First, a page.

Generation and Characterization of B7-H4/B7S1/B7x-Deficient Mice Journal Articles uri icon

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  • Members of the B7 family of cosignaling molecules regulate T-cell proliferation and effector functions by engaging cognate receptors on T cells. In vitro and in vivo blockade experiments indicated that B7-H4 (also known as B7S1 or B7x) inhibits proliferation, cytokine production, and cytotoxicity of T cells. B7-H4 binds to an unknown receptor(s) that is expressed on activated T cells. However, whether B7-H4 plays nonredundant immune regulatory roles in vivo has not been tested. We generated B7-H4-deficient mice to investigate the roles of B7-H4 during various immune reactions. Consistent with its inhibitory function in vitro, B7-H4-deficient mice mounted mildly augmented T-helper 1 (Th1) responses and displayed slightly lowered parasite burdens upon Leishmania major infection compared to the wild-type mice. However, the lack of B7-H4 did not affect hypersensitive inflammatory responses in the airway or skin that are induced by either Th1 or Th2 cells. Likewise, B7-H4-deficient mice developed normal cytotoxic T-lymphocyte reactions against viral infection. Thus, B7-H4 plays a negative regulatory role in vivo but the impact of B7-H4 deficiency is minimal. These results suggest that B7-H4 is one of multiple negative cosignaling molecules that collectively provide a fine-tuning mechanism for T-cell-mediated immune responses.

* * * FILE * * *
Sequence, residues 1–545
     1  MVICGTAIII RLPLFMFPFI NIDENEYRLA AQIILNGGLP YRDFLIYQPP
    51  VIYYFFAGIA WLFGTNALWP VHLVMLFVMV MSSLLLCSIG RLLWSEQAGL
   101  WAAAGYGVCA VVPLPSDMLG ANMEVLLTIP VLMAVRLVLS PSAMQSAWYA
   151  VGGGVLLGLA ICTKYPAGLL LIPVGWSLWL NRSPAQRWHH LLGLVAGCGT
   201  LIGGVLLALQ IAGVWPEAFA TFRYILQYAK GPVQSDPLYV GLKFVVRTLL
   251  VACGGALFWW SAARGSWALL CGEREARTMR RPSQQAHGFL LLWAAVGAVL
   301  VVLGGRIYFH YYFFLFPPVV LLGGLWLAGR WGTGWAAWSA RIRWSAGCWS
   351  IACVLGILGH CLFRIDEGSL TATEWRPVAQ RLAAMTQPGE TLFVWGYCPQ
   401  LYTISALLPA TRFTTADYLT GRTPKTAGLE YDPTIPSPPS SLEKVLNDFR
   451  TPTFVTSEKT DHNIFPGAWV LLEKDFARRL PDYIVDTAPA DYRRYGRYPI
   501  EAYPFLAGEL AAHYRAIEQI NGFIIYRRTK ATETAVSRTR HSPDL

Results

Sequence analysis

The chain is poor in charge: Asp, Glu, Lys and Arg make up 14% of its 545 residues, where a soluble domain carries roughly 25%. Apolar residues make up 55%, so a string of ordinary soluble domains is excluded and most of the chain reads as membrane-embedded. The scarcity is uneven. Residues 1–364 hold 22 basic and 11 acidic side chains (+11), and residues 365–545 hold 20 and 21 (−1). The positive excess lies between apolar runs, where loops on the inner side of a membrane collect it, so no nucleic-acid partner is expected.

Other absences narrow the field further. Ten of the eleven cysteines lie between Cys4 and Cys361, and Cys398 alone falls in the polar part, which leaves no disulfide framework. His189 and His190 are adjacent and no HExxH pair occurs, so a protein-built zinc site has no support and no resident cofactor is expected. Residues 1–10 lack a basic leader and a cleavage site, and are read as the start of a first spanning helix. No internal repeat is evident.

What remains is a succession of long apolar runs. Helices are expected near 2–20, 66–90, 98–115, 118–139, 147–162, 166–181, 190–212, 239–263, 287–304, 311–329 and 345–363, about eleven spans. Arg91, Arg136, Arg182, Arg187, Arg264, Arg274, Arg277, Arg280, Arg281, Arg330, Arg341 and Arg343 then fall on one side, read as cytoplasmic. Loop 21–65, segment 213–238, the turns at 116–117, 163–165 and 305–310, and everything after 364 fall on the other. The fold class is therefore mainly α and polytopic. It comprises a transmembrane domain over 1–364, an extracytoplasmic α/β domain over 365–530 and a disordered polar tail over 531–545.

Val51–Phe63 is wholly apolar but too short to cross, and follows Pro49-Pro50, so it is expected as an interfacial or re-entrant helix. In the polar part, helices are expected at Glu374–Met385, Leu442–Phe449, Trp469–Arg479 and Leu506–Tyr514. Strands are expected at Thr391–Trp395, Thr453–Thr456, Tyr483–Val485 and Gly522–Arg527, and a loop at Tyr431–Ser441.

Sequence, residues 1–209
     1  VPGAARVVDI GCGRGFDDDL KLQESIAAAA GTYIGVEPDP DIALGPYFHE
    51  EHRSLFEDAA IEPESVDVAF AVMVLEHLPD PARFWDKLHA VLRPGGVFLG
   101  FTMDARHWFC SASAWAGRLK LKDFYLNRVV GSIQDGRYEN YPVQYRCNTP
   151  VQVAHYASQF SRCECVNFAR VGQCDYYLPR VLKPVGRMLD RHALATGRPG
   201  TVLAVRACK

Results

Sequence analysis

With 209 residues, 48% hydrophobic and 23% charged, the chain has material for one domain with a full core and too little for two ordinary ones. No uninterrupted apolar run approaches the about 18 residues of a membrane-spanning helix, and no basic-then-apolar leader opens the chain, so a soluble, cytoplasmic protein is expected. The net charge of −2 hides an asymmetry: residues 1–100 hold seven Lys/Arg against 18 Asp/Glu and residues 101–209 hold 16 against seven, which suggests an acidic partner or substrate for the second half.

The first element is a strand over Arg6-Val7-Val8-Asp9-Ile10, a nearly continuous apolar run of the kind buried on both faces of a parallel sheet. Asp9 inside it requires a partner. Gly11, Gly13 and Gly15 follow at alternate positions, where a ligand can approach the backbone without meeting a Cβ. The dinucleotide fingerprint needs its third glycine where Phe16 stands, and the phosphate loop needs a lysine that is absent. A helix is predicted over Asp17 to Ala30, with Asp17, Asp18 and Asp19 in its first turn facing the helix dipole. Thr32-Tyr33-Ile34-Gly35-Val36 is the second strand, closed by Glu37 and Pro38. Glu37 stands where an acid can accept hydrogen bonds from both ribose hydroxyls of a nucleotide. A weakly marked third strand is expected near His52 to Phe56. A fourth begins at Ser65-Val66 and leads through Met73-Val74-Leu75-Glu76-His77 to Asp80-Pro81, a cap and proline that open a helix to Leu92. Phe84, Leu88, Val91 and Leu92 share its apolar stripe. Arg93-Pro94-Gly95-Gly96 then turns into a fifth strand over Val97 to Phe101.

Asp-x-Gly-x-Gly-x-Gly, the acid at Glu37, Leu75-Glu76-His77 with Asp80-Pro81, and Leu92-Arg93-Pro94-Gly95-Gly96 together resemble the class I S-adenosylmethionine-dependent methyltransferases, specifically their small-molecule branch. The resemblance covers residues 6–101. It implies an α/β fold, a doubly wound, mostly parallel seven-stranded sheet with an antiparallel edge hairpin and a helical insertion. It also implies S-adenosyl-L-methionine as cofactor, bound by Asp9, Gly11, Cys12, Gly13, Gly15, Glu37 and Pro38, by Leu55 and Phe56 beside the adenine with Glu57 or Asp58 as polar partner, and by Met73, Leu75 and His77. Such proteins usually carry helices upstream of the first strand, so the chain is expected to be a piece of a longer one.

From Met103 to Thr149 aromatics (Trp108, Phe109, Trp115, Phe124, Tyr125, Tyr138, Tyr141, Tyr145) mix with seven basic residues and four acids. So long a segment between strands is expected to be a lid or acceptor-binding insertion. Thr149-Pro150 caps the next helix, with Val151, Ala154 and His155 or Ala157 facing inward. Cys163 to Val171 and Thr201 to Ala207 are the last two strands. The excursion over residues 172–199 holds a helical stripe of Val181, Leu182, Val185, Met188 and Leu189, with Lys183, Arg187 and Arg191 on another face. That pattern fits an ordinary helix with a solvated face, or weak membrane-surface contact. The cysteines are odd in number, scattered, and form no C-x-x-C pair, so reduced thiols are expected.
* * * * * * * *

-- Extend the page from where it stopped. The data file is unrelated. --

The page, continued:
• Suh, Woong-Kyung
  • Wang, Seng
  • Duncan, Gordon S
  • Miyazaki, Yoshiyuki
  • Cates, Elizabeth
  • Walker, Tina
  • Gajewska, Beata U
  • Deenick, Elissa
  • Dawicki, Wojciech
  • Okada, Hitoshi
  • Wakeham, Andrew
  • Itie, Annick
  • Watts, Tania H
  • Ohashi, Pamela S
  • Jordana, Manel
  • Yoshida, Hiroki
  • Mak, Tak W

publication date

  • September 1, 2006

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